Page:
Just a month after Canadian voters tossed the Prime Minister Stephen Harper and his Koch Brothers-dominated, conservative government out on its ear, the province of Alberta has announced a new initiative designed to address carbon emissions and climate change. You may have heard of Alberta. That’s the place that has all that oil locked up in tar sands and is worried about Priuses and Teslas taking over.
Alberta Tar Sands
If you wash those sands with superheated water under high pressure, you can squeeze out enough all to almost equal the energy that goes into recovering it. That was the oil — said to be some of the dirtiest on earth — that was supposed to flow to the Gulf of Mexico in the now defunct Keystone XL pipeline. Of course. you also wind up with billions of gallons of hazardous waste, but fossil fuel advocates never want to pay for the damage they cause.
Instead of contributing further to global emissions, Alberta decided to promulgate a new plan for the province. It will include a carbon pricing program similar the one already in effect in British Columbia. Alberta will also impose a cap on carbon emissions from its tar sands, close most of its coal fired electric generating facilities ,and promote renewable energy resources. The World Wildlife Fund had this to say about Alberta’s announcement:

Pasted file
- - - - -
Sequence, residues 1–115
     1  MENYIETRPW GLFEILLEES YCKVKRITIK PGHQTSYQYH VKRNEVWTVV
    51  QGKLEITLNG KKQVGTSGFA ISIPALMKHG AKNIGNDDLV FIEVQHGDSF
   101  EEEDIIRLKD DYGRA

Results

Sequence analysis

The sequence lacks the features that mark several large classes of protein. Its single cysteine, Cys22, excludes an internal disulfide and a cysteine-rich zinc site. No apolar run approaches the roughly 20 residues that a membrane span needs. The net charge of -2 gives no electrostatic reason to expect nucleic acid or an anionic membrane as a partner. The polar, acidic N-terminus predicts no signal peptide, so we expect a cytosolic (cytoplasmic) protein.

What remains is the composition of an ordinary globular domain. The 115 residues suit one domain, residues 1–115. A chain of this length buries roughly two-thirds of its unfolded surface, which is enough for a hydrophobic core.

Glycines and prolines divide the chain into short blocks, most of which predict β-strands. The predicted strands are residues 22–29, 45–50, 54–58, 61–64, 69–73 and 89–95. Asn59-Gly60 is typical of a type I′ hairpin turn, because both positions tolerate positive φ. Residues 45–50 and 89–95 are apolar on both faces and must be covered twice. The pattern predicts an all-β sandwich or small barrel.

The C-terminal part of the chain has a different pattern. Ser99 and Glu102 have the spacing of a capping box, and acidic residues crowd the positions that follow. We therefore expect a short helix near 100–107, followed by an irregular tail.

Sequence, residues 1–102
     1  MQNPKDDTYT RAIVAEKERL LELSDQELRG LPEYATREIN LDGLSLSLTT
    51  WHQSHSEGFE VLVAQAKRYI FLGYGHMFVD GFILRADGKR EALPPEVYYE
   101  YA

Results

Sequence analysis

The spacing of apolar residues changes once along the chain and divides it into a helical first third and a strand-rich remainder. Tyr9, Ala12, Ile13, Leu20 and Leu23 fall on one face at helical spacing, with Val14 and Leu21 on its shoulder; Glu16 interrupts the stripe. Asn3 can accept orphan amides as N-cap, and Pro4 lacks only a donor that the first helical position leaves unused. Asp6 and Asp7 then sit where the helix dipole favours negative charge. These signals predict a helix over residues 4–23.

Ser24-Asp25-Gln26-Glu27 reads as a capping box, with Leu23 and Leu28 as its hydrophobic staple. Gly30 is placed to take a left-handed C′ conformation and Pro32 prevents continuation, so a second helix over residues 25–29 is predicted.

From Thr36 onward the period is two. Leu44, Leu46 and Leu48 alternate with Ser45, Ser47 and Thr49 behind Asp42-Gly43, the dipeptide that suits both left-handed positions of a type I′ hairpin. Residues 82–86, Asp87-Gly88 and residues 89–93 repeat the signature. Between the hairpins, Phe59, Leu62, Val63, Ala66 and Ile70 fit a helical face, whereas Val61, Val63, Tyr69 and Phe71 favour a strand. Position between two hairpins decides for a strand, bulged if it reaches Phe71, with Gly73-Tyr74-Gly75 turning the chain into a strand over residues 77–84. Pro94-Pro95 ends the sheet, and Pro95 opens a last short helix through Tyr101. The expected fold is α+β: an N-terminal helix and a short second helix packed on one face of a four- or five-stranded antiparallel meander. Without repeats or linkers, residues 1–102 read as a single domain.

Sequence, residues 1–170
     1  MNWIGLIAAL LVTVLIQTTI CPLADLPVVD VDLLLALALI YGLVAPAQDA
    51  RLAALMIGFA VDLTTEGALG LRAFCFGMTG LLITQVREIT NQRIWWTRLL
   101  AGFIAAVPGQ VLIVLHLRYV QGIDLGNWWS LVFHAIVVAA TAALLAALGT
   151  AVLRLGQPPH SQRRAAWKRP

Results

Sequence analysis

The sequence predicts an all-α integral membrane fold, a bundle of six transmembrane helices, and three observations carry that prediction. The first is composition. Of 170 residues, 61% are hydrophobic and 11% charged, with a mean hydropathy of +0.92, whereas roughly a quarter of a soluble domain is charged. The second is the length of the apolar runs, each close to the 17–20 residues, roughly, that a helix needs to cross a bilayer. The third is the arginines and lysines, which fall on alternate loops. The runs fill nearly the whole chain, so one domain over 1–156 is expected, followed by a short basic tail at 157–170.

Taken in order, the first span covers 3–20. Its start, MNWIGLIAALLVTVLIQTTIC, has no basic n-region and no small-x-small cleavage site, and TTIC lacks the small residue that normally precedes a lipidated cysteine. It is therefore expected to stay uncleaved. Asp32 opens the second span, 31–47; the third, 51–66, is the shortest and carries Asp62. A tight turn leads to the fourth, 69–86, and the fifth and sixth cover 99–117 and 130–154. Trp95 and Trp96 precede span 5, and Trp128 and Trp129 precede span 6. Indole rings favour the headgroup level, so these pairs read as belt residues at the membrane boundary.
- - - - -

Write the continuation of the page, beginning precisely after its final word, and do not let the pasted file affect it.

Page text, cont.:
“WWF Canada is pleased to see the progressive steps proposed by Alberta’s climate change advisory panel. This new, hippie-friendly leadership produces a realistic strategy, including a meaningful carbon tax, to begin to address the high carbon emissions from an oil and gas producing province. Its proposed efforts to end the reliance on coal and switch to renewables are also noteworthy.
“WWF-Canada recognizes that the world needs to move to one hundred percent renewables by 2050 if global climate goals are to be met. Alberta’s proposals are a strong step in the right direction, and an important signal that Canada is now serious about addressing climate change head on.”
It is unlikely that such a bold strategy could have materialized while Stephen Harper was Prime Minister of Canada. Earlier this year, one of Harper’s closest allies, former Australian Prime Minister Tony Abbott, was also thrown out of office by his countrymen. The departure of both men proves once and for all that change is afoot and that this old political maxim is still in effect: “If the people will lead, their leaders will follow.”
Alberta’s new strategy comes one day before the premiers of all Canadian provinces meet with new Prime Minister Justin Trudeau to plan the country’s strategy for the global climate change talks that will take place in Paris, starting November 30.